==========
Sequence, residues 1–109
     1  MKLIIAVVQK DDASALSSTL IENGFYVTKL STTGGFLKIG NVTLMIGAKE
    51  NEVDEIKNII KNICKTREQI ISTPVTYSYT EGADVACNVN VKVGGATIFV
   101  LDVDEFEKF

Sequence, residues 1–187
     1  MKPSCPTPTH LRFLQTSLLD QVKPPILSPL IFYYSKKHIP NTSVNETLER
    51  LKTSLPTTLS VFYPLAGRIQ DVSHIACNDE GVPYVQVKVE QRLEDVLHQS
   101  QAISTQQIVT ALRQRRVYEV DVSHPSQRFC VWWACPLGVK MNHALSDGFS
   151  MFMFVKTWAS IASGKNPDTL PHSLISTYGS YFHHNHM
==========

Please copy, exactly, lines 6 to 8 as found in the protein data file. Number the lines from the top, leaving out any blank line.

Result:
     1  MKPSCPTPTH LRFLQTSLLD QVKPPILSPL IFYYSKKHIP NTSVNETLER
    51  LKTSLPTTLS VFYPLAGRIQ DVSHIACNDE GVPYVQVKVE QRLEDVLHQS
   101  QAISTQQIVT ALRQRRVYEV DVSHPSQRFC VWWACPLGVK MNHALSDGFS